Energy Insider: China Expands Diesel Supply to Ease Shortage
In today’s Caixin energy news wrap: China vows to ease diesel shortage through various measures; coal stockpiles at power plants increase as production expands; new technology is available to produce animal feed from industrial gas.
China tells state refiners to expand diesel output
The National Development and Reform Commission (NDRC) said the state is working with domestic oil giants to increase diesel supplies through various measures to ease a shortage. In October, China National Petroleum Corp. (CNPC) supplied 23% more diesel than last year by increasing imports, expanding production and cutting exports. China Petroleum & Chemical Corp. (Sinopec) is also working at full capacity and is projected to produce 50% more diesel compared with the January-August average.
China’s diesel exports decline amid domestic shortfall
China’s exports of diesel declined 34.99% from a year ago to 776,600 tons in September as the country struggles with a domestic shortage of the fuel, according to energy-market information provider JLC. Diesel exports are likely to continue declining in October as the domestic supply remains tight, JLC said. Many Chinese gas stations have started rationing diesel supplies amid surging costs and falling supplies of the fuel used for heating, generating electricity and powering cars and trucks.
China’s economy weakens as power crunch, Covid rules hurt
China’s economy showed signs of further weakness in October as power shortages and surging commodity prices weighed on manufacturing, while strict Covid controls put a brake on holiday spending. The official manufacturing purchasing managers’ index fell to 49.2, the National Bureau of Statistics said Sunday, the second month the reading was below 50, signaling contraction. The nonmanufacturing gauge, which measures activity in the construction and services sectors, dropped to 52.4, missing the consensus forecast. The PMI readings show that the economy is under pressure from both the supply and the demand side.
Coal stockpiles at power plants rebound amid production expansion
China ramped up coal production to 11.5 million tons a day since mid-October to increase supply and bring down prices, the National Development and Reform Commission said Sunday. Coal prices fell eight consecutive days and dropped below 1,500 yuan ($234) per ton, easing pressure on power generators. Coal stockpiles rebounded at major power plants. Inventories at plants in Northeast China, the worst-hit region in the power crunch since September, nearly doubled in October, enough to support 32 days of operation. Total coal inventories at power plants are expected to exceed 110 million tons in three days.
Bus manufacturers speed up electrification to boost growth
Bus sales declined in China this year, forcing major manufacturers to speed up the transformation to electric vehicles as a new growth driver. Major traded bus manufacturers King Long United Automotive Industry Co. Ltd., Zhongtong Bus Holding Co. Ltd. and Yaxing Coach all reported losses of more than 100 million yuan ($15.6 million) in the first three quarters as sales fell. Some of the companies are seeking new growth by making electric vehicles. Several bus makers revealed plans to build battery-powered trucks.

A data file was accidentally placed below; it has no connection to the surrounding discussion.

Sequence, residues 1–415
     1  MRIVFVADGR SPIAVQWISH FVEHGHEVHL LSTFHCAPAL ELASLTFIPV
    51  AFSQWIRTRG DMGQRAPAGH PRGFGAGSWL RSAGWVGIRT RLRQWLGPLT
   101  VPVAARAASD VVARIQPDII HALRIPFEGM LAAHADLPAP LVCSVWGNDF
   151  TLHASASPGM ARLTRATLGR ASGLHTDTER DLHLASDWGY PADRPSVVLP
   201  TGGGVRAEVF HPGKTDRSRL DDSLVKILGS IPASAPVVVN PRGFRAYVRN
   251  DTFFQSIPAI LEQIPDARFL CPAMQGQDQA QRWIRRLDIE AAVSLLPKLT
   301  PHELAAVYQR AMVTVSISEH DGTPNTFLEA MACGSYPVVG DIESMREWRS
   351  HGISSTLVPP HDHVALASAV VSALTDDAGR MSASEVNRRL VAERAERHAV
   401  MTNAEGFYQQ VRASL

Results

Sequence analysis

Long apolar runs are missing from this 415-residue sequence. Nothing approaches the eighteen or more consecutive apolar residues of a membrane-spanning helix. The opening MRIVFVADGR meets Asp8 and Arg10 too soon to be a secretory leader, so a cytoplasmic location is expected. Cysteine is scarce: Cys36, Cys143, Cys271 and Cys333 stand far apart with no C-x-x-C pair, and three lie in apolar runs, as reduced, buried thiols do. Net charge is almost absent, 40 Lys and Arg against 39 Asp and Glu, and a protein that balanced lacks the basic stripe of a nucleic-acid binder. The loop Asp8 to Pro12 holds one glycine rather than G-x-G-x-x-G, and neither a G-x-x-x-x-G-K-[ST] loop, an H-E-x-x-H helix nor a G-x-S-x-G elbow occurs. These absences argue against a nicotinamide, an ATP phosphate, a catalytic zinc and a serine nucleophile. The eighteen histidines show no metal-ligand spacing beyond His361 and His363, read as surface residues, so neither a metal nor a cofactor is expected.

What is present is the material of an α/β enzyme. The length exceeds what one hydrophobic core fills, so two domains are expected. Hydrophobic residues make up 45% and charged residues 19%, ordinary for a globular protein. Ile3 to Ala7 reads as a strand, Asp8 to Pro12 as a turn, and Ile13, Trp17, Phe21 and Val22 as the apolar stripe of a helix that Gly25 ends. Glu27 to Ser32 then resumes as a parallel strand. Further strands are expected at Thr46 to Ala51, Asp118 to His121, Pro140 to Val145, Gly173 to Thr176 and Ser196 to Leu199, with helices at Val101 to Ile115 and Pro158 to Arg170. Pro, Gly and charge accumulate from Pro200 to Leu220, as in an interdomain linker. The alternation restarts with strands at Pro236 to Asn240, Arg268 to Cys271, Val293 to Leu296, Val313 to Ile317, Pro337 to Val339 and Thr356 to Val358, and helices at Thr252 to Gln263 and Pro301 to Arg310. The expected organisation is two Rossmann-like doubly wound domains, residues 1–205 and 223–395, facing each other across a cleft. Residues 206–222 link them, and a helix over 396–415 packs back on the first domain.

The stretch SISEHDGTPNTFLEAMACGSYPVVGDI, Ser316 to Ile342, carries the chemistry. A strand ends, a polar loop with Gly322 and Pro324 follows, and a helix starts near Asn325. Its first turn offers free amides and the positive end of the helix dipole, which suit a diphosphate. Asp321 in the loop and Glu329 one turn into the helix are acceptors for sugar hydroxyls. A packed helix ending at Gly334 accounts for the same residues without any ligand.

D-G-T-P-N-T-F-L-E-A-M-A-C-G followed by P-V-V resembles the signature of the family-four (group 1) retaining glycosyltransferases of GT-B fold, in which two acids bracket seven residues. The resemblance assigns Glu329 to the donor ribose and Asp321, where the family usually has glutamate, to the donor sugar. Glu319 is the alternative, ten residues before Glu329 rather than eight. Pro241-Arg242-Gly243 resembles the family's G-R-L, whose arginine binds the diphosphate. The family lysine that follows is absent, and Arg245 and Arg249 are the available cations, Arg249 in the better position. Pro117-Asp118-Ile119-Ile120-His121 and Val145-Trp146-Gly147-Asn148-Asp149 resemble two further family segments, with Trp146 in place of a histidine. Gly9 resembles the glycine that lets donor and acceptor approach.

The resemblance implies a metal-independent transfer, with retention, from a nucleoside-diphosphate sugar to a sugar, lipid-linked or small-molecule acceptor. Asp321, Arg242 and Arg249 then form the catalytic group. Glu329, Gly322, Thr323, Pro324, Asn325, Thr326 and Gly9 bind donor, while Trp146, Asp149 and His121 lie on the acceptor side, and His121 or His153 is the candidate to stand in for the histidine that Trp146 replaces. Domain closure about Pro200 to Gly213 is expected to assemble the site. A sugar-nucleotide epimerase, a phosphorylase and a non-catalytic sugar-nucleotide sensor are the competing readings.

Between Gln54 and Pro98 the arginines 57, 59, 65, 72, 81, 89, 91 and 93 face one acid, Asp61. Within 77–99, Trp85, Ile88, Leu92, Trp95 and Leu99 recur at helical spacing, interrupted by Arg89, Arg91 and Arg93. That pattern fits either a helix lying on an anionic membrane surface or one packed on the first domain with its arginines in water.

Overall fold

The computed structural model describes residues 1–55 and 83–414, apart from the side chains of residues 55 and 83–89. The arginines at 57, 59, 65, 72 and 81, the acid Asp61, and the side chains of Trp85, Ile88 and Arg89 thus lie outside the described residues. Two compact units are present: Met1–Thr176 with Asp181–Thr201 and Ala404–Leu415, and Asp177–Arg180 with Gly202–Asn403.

China maintains curbs on steel production
China will continue to strictly control steel production to address overcapacity, National Development and Reform Commission official Xia Nong said Sunday at a special steel industry forum. The official also encouraged the consolidation of special steel companies.
Tesla reportedly places battery order with CATL
Chinese news site 36Kr reported that Tesla ordered 45 gigawatt-hours (GWh) of lithium iron phosphate batteries from Contemporary Amperex Technology Co. Ltd. (CATL), citing unidentified sources. Neither company confirmed the deal. The news came after reports that Tesla secured a $4.2 billion deal to sell cars to leading rental company Hertz Corp.
China makes breakthrough in producing animal feed from industrial gas
Chinese scientists said they found a way to create animal feed from carbon monoxide on an industrial scale, a technology that will reduce the country’s dependence on imported soybeans. The process uses tail gas containing carbon monoxide and dioxide to create a synthesized cell protein called Clostridium autoethanogenum, according to a research team from Beijing Shoulang Biological Technology and the Chinese Academy of Agricultural Sciences’ Feed Research Institute. The technique is already industrially feasible, the team said.
Contact editors Han Wei (email@example.com) and Bob Simison (firstname.lastname@example.org)
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